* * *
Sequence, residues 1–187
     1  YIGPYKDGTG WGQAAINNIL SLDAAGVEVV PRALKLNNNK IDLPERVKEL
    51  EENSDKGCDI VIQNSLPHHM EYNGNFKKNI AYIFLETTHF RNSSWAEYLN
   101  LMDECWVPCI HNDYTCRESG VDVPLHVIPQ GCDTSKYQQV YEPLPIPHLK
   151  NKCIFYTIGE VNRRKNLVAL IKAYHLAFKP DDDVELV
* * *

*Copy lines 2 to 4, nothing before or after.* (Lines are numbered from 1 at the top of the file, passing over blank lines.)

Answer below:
     1  YIGPYKDGTG WGQAAINNIL SLDAAGVEVV PRALKLNNNK IDLPERVKEL
    51  EENSDKGCDI VIQNSLPHHM EYNGNFKKNI AYIFLETTHF RNSSWAEYLN
   101  LMDECWVPCI HNDYTCRESG VDVPLHVIPQ GCDTSKYQQV YEPLPIPHLK